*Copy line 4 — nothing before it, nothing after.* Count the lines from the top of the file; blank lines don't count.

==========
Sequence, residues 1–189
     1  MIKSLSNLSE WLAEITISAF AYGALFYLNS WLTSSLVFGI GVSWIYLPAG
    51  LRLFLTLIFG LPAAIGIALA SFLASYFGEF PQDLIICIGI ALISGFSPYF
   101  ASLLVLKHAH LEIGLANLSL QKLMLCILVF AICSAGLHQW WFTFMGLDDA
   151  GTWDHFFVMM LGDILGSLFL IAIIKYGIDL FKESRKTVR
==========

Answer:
   101  ASLLVLKHAH LEIGLANLSL QKLMLCILVF AICSAGLHQW WFTFMGLDDA